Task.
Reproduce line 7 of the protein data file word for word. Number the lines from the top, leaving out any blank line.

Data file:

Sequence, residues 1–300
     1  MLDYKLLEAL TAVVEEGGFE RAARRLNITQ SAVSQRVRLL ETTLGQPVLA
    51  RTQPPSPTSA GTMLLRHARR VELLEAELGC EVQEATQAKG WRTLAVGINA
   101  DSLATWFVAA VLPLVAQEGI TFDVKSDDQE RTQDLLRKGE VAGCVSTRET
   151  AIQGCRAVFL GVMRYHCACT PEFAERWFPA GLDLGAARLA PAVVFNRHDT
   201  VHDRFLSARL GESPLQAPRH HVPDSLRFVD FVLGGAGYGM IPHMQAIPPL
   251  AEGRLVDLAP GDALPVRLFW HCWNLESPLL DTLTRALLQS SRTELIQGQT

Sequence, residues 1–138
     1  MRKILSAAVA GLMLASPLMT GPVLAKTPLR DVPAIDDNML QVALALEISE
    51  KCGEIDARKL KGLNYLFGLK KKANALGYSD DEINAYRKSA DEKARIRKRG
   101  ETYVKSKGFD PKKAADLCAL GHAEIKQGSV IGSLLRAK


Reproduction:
   251  AEGRLVDLAP GDALPVRLFW HCWNLESPLL DTLTRALLQS SRTELIQGQT